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How Do You Regret Saved Lives?

In the Globe and Mail, Margaret Wente writes of her regret at having supported the Iraq War as a liberal interventionist. She now claims she was “deluded” to think there was a sound humanitarian justification for the invasion in 2003. What has prompted this apologia? Details in the Iraq files just released by Wikileaks:

The abuses at the Abu Ghraib prison were mild compared with the atrocities inflicted by Iraqis on each other. The Shia-controlled Interior Ministry ran secret jails in which inmates, most of them Sunnis, endured the same kinds of torture as those inflicted by Saddam. They were burned with boiling water, had their fingers amputated, and had electroshock applied to their genitals. When U.S. forces discovered the brutalities, they simply filled out incident reports and forwarded them to the local authorities.

No human is immune to hearing about that kind of brutality. Which is why a little context actually strengthens the liberal-interventionist position.  The math is simple, if disturbing: According to estimates from human rights organizations, from 1979 to 2003, Saddam Hussein probably killed 800,000 to 1 million people, many through methods similar to the ones detailed above. This puts his annual average in the neighborhood of 45,000 murders. At that rate, if he were left in power, he would have killed 360,000 since 2003. As of today, the website Iraqbodycount.org puts the total number of civilian deaths caused by the Iraq War between 98,585 and 107,594. In what universe is 100,000 dead worse than 360,000?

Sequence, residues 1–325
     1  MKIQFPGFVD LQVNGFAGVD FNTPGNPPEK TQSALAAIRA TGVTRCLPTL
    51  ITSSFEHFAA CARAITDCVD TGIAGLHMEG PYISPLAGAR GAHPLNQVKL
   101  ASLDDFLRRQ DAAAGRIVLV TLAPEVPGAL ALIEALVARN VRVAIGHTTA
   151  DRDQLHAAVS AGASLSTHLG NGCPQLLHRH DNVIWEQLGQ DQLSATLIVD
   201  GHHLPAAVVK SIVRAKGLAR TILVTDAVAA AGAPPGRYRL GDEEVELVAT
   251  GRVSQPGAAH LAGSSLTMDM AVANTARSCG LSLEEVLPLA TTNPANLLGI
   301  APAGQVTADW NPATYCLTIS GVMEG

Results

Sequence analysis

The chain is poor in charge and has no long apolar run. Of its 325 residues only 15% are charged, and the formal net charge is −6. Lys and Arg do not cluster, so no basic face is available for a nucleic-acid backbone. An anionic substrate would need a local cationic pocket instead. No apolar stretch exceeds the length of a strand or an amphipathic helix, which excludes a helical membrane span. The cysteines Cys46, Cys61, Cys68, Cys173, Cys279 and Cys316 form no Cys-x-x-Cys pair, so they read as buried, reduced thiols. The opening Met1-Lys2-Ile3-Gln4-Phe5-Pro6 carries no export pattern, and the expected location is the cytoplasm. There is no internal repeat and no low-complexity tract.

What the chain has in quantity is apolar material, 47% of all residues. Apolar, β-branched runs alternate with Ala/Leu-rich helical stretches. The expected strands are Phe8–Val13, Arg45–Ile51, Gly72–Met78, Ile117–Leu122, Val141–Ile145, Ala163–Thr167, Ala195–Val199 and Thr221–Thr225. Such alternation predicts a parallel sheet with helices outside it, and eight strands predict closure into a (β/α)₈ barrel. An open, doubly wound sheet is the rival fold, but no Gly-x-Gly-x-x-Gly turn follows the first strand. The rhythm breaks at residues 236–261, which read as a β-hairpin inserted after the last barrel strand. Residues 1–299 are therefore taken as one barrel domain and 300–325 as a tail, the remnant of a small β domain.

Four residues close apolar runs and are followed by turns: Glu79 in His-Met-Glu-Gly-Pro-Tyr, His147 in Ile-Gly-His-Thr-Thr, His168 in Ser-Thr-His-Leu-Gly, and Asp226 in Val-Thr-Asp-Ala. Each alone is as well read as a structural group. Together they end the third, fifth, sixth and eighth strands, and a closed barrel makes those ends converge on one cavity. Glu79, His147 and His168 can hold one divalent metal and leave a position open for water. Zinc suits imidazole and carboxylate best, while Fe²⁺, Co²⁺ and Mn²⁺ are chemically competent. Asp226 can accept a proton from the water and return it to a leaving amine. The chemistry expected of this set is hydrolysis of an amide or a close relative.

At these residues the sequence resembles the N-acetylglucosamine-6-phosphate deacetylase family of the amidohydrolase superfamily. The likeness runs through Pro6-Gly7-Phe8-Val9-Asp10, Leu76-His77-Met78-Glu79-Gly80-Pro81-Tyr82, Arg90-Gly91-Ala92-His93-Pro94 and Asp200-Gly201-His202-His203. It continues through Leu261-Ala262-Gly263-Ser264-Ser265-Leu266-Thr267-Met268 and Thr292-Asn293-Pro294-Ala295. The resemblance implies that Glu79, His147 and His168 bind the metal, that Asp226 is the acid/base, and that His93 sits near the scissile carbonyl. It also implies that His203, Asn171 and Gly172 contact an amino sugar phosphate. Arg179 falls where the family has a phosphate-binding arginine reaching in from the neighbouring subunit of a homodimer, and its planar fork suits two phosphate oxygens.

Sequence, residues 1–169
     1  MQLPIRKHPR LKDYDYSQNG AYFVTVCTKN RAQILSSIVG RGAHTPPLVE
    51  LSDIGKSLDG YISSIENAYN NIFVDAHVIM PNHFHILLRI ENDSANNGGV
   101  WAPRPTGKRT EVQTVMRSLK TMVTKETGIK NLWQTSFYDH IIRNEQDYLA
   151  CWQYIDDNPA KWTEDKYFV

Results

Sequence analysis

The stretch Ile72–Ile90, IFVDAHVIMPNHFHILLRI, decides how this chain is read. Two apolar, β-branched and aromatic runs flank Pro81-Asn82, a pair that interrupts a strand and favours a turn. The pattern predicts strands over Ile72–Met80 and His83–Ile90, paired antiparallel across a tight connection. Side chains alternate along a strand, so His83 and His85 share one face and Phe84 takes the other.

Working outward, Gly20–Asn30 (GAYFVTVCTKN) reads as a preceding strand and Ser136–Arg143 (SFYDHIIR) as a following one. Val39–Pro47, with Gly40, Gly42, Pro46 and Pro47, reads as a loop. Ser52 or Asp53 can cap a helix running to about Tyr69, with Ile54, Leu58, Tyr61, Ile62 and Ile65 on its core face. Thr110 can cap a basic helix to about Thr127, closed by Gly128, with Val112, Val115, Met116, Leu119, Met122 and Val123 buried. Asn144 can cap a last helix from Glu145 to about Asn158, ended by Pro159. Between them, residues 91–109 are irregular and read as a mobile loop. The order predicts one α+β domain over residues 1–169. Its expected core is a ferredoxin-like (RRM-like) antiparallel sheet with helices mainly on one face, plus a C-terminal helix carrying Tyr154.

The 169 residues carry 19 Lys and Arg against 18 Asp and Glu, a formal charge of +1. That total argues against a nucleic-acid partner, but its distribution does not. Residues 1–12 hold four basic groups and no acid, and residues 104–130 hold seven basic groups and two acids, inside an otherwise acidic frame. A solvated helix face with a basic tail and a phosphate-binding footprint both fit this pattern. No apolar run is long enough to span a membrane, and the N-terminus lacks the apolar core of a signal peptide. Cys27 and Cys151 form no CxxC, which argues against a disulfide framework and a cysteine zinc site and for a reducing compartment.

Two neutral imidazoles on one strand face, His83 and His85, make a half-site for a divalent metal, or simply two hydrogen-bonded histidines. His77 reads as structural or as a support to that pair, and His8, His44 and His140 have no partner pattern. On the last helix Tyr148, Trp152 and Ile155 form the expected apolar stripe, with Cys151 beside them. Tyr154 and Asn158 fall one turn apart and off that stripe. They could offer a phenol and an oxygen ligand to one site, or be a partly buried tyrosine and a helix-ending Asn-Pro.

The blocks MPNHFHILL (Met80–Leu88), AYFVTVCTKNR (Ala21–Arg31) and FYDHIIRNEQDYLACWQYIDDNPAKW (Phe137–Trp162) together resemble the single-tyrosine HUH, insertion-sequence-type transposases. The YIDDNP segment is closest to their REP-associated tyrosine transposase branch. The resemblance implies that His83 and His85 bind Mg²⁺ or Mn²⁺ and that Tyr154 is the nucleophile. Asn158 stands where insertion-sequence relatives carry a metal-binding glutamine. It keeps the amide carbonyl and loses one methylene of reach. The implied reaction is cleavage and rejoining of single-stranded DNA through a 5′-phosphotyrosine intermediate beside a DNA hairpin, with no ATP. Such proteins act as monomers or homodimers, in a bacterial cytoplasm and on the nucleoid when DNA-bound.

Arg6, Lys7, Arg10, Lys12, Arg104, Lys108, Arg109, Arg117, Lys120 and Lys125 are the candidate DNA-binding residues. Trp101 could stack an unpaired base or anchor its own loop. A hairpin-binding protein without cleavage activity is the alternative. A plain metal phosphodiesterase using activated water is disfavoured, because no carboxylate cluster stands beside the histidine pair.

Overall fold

Moreover, consider how the annual Iraqi body count will likely continue to plummet in the coming years. Add to that, the prospect—shaky though it may be—of a functioning Iraqi democracy. Under Saddam, it would have been 360,000 dead with no chance of ebbing the slaughter and no hope for freedom.

There is no humanitarian justification for regretting Saddam’s ouster, even accounting for the coalition’s mistakes. There are other less quantifiably false arguments against the war. One might make the case that it cost too much to prosecute or turned world opinion against the U.S., for example. But hand-wringing over the net carnage just doesn’t compute. The facts are too easily obtained for Margaret Wente not to understand this. If she regrets her support for the war it can only mean she’s decided that the humanitarian component is not as important as she had once believed.


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